Guardian Figure

Middle Kingdom

On view at The Met Fifth Avenue in Gallery 136

This figure wears the red crown of Lower Egypt and the face appears to reflect the features of the reigning king, most probably Amenemhat II or Senwosret II. However, the divine kilt suggests that the statuette was not merely a representation of the living ruler. Together with its counterpart wearing the white crown of Upper Egypt, now in the Egyptian Museum, Cairo, the figure was discovered standing behind a shrine that contained an object sacred to the god Anubis, the so-called Imiut (14.3.18 and .19), and the two figures could be understood to have functioned as guardians of the Imiut. The ensemble was discovered in 1914 in the area surrounding the pyramid of Senwosret I at Lisht South during the Museum's excavation of a mud-brick enclosure surrounding the mastaba of Imhotep, a Twelfth Dynasty official. A chamber had been built into the south part of the enclosure wall and in it the statuettes and shrine were hidden, doubtlessly after having played a part in a dramatic funerary ceremony.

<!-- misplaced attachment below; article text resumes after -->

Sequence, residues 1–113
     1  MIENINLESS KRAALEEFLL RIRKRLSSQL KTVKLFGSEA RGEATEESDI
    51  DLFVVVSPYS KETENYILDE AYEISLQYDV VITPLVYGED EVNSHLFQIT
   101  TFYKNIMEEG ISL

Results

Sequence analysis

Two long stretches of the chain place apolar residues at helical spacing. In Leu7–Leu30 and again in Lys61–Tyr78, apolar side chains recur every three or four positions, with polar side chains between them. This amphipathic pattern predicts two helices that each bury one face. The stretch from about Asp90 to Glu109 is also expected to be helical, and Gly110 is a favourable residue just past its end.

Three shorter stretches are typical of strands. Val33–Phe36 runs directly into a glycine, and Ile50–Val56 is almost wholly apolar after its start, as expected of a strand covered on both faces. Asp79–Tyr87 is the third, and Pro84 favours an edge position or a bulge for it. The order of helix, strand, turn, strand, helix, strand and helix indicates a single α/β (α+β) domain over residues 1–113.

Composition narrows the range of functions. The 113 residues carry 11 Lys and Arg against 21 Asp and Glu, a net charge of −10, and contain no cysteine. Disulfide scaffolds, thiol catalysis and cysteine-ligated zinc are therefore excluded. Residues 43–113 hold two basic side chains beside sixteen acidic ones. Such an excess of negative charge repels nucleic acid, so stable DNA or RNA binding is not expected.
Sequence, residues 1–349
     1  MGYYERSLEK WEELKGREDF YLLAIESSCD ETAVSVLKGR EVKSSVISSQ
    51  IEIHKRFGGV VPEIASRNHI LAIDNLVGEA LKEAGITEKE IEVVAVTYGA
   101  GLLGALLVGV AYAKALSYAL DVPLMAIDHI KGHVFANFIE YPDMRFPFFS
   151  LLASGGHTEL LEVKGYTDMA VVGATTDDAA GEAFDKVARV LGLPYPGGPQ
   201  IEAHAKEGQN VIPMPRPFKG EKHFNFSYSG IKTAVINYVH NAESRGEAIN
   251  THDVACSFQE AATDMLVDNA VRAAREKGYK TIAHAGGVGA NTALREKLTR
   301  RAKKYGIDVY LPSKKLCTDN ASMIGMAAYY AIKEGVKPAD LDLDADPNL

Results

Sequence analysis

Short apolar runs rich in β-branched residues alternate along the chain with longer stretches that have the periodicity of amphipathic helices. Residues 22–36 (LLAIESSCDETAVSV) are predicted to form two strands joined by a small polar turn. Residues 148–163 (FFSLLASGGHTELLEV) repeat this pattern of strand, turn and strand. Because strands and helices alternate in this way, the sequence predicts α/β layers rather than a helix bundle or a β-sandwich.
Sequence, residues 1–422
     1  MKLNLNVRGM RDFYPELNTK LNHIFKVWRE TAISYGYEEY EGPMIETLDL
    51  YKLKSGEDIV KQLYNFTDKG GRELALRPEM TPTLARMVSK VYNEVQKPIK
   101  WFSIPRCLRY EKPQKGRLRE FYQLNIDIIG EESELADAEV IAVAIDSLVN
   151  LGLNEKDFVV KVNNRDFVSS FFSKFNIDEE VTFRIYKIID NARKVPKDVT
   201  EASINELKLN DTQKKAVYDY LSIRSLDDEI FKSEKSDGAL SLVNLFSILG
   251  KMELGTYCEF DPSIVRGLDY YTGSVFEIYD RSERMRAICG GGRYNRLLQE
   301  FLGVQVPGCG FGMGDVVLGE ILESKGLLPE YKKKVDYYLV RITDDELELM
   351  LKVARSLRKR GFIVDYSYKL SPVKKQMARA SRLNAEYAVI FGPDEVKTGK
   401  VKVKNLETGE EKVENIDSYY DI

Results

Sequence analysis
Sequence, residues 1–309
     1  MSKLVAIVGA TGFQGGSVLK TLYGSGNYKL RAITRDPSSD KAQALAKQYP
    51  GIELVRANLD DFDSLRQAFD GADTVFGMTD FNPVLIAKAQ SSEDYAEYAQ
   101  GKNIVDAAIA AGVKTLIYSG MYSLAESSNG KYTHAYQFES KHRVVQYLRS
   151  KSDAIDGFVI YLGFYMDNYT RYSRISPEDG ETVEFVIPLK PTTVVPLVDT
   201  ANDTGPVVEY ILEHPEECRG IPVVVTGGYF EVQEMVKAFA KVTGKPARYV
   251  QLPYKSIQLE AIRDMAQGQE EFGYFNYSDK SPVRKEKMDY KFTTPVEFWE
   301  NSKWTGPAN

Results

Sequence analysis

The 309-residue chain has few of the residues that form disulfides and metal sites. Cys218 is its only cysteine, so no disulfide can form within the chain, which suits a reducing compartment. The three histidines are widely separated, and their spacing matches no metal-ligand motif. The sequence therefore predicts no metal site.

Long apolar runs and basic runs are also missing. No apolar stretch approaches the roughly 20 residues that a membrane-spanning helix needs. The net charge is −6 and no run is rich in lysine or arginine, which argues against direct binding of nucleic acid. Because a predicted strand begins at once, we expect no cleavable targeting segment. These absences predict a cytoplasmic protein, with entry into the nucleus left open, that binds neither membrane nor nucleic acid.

Link to a blog post
My Early Life with the Middle Kingdom

#3330. Funerary Guardian Figure

Guardian Figure, Cedar wood, plaster, paint

Due to rights restrictions, this image cannot be enlarged, viewed at full screen, or downloaded.

Open Access

As part of the Met's Open Access policy, you can freely copy, modify and distribute this image, even for commercial purposes.


Public domain data for this object can also be accessed using the Met's Open Access API.